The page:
Leadership in a Digital Age
February 03, 2020
Case categories include: Leadership Strategy & Planning Technology
By Warren Lutz
Johnny Loiacono knows a thing or two about how quickly technology can change, having seen many tech companies come and go during his career. That includes one-time Silicon Valley giant, Sun Microsystems, where Loiacono used to work, as well as Adobe Systems.
But the rate at which technology changes is much, much faster today. In fact, Loiacono said being a leader in what has become a truly digital age is “invigorating and terrifying at the same time." For him, "it’s similar to bungie jumping."
“It’s a daunting task to keep up with the pace,” said the CEO of Movius, a provider of cloud-based secure mobile communications software. “It’s not just the pace of technology, but also the people, the skillsets, the operations, the marketing—and the pace by which those things change.”
As other Alliance members can attest, accelerated change has profoundly impacted the challenges they face, including how they manage, who they hire and how they communicate. It also forces business leaders to confront an almost impossible question: How does one lead when everything seems subject to change?
One way to begin answering that question, Loiacono said, is to remember where innovation really comes from.
“Everyone thinks it’s all about hardware and software technology, or the resulting patents, but most of a company’s deepest intellectual property walks out the door and goes home every night,” he said. “Your job is to motivate them to come back and innovate the next day, then rinse and repeat.”
Linda Hand, CEO of Prealize Health, which uses machine learning to create proactive healthcare management, said recruiting in today’s fast-changing world is another critical challenge. “Do you hire for the skills you need today, or do you hire for the ability to develop any skill?” she said. “We’re hiring for rapid growth and rapid change, so I want to hire for the stuff we’re doing today—but I also want people who have a significant track record of learning and applying new technology.”
Hand applies the same standard to her leadership team. “Our Chief Commercial Officer, our Chief Financial Officer, our Chief Technology Officer—they all have the ability to understand new markets, be proactive and anticipate new things,” she said. “The real challenge for a team, however, is how to collate and distill everything that’s happening and decide what to do with it. You can’t be strategically planning all the time. You have to pick and choose.”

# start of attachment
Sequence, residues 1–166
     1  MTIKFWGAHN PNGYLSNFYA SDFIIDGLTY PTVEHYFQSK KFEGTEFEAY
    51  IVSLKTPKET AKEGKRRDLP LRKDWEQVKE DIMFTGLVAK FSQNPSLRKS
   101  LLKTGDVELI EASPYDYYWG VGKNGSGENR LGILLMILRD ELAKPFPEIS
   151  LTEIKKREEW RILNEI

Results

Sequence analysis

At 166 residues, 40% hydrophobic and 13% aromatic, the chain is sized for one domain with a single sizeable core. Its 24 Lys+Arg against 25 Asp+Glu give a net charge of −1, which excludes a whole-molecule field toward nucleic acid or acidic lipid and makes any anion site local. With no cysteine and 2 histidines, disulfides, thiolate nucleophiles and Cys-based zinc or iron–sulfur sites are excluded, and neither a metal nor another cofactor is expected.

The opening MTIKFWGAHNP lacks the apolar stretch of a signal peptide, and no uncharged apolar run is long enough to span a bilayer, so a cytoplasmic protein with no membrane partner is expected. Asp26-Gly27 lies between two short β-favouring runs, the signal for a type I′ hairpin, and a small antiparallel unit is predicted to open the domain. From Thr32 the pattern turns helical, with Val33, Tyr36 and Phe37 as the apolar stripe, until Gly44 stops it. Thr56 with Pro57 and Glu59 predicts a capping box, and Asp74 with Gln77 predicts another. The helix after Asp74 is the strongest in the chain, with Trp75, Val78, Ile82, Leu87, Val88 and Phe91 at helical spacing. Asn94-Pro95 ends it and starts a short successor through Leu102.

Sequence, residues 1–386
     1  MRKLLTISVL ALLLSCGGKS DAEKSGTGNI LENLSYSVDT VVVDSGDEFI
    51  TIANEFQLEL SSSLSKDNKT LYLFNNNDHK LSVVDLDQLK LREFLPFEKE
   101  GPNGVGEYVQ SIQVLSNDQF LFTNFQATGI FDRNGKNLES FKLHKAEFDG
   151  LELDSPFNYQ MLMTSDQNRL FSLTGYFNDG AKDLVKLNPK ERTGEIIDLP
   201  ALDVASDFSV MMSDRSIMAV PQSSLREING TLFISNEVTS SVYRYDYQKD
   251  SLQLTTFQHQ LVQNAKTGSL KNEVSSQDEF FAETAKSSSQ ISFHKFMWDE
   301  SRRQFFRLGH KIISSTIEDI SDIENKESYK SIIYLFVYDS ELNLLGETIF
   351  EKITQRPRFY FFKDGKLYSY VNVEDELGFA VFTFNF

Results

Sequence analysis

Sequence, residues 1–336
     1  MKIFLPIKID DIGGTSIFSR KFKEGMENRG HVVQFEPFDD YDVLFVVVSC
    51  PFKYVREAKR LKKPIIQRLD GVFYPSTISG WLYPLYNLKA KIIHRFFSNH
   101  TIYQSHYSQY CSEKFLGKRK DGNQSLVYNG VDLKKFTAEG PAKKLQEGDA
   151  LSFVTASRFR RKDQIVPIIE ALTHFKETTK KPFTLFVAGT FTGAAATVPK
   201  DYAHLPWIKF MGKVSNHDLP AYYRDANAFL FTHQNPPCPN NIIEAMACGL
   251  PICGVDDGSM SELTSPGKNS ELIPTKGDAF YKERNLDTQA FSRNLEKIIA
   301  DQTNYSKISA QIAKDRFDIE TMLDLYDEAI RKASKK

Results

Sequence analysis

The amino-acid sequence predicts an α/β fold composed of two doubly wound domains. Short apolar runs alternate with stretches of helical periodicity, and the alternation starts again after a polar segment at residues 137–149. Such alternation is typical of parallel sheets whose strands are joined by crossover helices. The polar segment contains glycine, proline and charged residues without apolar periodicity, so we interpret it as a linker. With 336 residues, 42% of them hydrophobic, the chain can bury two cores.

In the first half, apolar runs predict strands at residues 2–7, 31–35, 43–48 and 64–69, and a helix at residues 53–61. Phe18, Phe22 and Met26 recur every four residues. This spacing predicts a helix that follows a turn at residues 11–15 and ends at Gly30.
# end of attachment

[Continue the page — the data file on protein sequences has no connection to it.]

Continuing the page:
The increasing access to information presents additional hazards for today’s leaders. “You can find out things very quickly about your competitors because everyone is online,” Hand said. “But they can find out things quickly about you, too.”
Rick O’Connor, Chief Operating Officer of Invicta Medical, a clinical-stage company that is developing a first-of-its-kind treatment for sleep apnea, agrees that rivals can come from anywhere. “Our competitors used to be mostly domestic and European companies,” O’Connor said. “Now we have competitors emerging what were once 'developing markets' that are bigger, wealthier and have capital resources that are as big, if not bigger, than ours.”
O’Connor said communication is another major challenge. It’s not just that communication is evolving to a hybrid of email, text and online chat, but the fact that there are fewer guarantees of confidentiality. “The importance of the written word cannot be understated,” he said. “Every time you write something, you have to assume it’s going to be public information at some point. It shouldn’t be, but content never goes away and is infinitely discoverable.”
John Kelly, CEO of Zenreach, which specializes in driving in-store foot traffic through online advertising, said tech CEOs in particular are dealing with a generational shift in the workforce and a highly competitive job market, which requires a different leadership style.
In order to retain top talent, organizations need to recognize that, in today's environment, compensation alone may not be a sufficient tool. Consistently low unemployment and increasing salaries mean that top employees have many options available to them. As a result, organizations need to pay attention to all aspects of the employee experience. High salaries are great, but when top talent is getting recruiting calls every week, you may not be successful if that is your only lever. Organizations need to ensure that employee morale and employee environment are healthy. “We can’t be as top down as we were before. We have to adjust our approach to put a stronger emphasis on company purpose, culture and environment," Kelly said. "Inspiration is more important today than ever."